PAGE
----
A PETITION is nearing 1500 signatures and reassurances have been given by the Chief Executive of Betsi Cadwaladr University Health Board, and the Welsh Government Health Secretary that nurses at Welshpool's renal unit will not be privatised.

The renal unit at Welshpool's Victoria Memorial Hospital can provide dialysis for up to 24 people a day.

But the life saving service is actually provided by the Betsi Cadwaladr University Health Board (BCUHB) which covers North Wales.

The renal unit at Welshpool is in effect a satellite of the unit based at Wrexham.

Discussions over to changes as to how renal patients are dealt with in North Wales will have an impact on Powys residents and a decision is set to take place in July.

Nurses working there face being transferred from the NHS to a private company under a tendering process.

The health board is under the direct control of the Labour-run Welsh Government and has been in these special measures for the past three years due to a series of failings.

Last week, Wales Government's Health Secretary, Vaughan Gething AM, visited Welshpool to see for himself the work done to clear up the hospital following the flash floods that affected the building on Sunday, May 27.

It is also believed that he met nurses from the unit who voiced their concerns about the possible privatisation.

In recent weeks, Welshpool Llanerchyddol ward councillor Graham Breeze has joined forces with Plaid Cymru to save the renal unit.

He has been in discussions with Gary Doherty the chief executive of Betsi Cadwaladr University Health Board and Vaughan Gething the Health Secretary

In a letter written to Cllr Breeze, Mr Doherty said: "Wales has a long history of contracting with independent service providers (IPSs) for renal services, with the first contract being awarded over 20 years ago.

"I fully understand that this has raised concerns amongst staff and patients and we have worked to engage patient representatives, trade union and staff representatives in the review.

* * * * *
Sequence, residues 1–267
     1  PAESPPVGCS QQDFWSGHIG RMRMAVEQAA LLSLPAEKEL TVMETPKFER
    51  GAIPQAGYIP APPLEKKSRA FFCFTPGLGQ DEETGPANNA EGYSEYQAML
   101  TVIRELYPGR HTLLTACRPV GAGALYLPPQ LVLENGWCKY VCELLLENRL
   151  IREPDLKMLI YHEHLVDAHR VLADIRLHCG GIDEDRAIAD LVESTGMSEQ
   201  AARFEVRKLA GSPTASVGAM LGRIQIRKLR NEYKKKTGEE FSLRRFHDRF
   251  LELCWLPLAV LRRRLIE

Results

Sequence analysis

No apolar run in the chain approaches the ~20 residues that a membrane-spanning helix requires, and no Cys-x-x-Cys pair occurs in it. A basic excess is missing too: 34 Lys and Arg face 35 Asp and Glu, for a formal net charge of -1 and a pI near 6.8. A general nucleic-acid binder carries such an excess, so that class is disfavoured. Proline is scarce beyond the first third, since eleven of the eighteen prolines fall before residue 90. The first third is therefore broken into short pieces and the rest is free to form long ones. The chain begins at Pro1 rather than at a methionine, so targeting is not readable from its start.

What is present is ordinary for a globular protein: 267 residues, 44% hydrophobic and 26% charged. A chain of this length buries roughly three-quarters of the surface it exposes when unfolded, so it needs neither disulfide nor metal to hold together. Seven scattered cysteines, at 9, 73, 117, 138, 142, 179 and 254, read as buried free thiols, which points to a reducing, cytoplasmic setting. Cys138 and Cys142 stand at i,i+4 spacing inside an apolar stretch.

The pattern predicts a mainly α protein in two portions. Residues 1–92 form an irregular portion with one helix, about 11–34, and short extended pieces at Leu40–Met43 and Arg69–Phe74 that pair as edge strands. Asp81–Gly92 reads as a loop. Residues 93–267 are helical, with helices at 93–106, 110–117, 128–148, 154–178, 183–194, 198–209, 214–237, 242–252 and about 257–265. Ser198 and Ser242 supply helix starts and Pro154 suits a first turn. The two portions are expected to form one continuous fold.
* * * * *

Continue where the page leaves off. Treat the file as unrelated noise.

"The outcome of the review is not finalised but I can confirm that the Health Board will not support an option that requires transfer of staff from the NHS to independent renal service providers, so hopefully this response can give you assurance on that key point."

Health Secretary, Vaughan Gething, said: "I can assure you that healthcare for the people of Wales is comprehensive, universal and free at the point of access and we will not be privatising the NHS."

In a written statement explaining in more depth the process going on in North Wales with dialysis services, Mr Gething and pointed at the success of the expansion contract of renal services in South-East Wales leading to "greatly improved" nursing to patient ratios.

The statement added: "Welsh Governments long established policy position is we will not support the staff between the NHS and independent renal service providers."

Councillor Breeze said: “I welcome the responses from both the Health Secretary and the Health Board and in particular Mr Gethin’s promise to write to the staff at the Welshpool unit with assurances on their futures.

“This is a particularly worrying time for all the staff involved and they deserve to have been kept better informed when their jobs are being discussed.”

The online Save Welshpool and Wrexham NHS renal unit nursing staff from privatisation has been set up by John Paul-Higgerson and at the moment has 1470 signatures.

Mr Higgerson, said: "By being forced to transfer their contracts to the private sector, potentially the nurses working hours, pay grades and job security will be affected and completely out of the NHS structure. This insecurity is causing them and their families a great deal of worry and upset."

To visit the petition go to www.change.org/p/gary-docherty-save-welshpool-and-wrexham-nhs-renal-unit-nursing-staff-from-privatisation